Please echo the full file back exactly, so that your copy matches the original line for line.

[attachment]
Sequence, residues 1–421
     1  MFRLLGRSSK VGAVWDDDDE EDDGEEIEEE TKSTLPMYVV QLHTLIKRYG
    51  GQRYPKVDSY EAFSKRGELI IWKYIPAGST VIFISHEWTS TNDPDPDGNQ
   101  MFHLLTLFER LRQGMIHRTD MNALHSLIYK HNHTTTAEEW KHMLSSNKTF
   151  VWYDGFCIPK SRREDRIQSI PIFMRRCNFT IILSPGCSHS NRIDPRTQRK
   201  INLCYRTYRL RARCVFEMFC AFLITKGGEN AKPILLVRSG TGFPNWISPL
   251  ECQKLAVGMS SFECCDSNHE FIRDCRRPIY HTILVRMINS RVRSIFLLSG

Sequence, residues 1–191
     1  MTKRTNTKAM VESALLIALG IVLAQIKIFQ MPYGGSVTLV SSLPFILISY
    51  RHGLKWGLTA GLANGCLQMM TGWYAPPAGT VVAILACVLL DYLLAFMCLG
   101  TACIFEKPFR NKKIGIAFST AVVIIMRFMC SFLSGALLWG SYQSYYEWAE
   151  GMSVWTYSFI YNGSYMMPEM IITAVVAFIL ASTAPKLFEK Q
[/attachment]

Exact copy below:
Sequence, residues 1–421
     1  MFRLLGRSSK VGAVWDDDDE EDDGEEIEEE TKSTLPMYVV QLHTLIKRYG
    51  GQRYPKVDSY EAFSKRGELI IWKYIPAGST VIFISHEWTS TNDPDPDGNQ
   101  MFHLLTLFER LRQGMIHRTD MNALHSLIYK HNHTTTAEEW KHMLSSNKTF
   151  VWYDGFCIPK SRREDRIQSI PIFMRRCNFT IILSPGCSHS NRIDPRTQRK
   201  INLCYRTYRL RARCVFEMFC AFLITKGGEN AKPILLVRSG TGFPNWISPL
   251  ECQKLAVGMS SFECCDSNHE FIRDCRRPIY HTILVRMINS RVRSIFLLSG

Sequence, residues 1–191
     1  MTKRTNTKAM VESALLIALG IVLAQIKIFQ MPYGGSVTLV SSLPFILISY
    51  RHGLKWGLTA GLANGCLQMM TGWYAPPAGT VVAILACVLL DYLLAFMCLG
   101  TACIFEKPFR NKKIGIAFST AVVIIMRFMC SFLSGALLWG SYQSYYEWAE
   151  GMSVWTYSFI YNGSYMMPEM IITAVVAFIL ASTAPKLFEK Q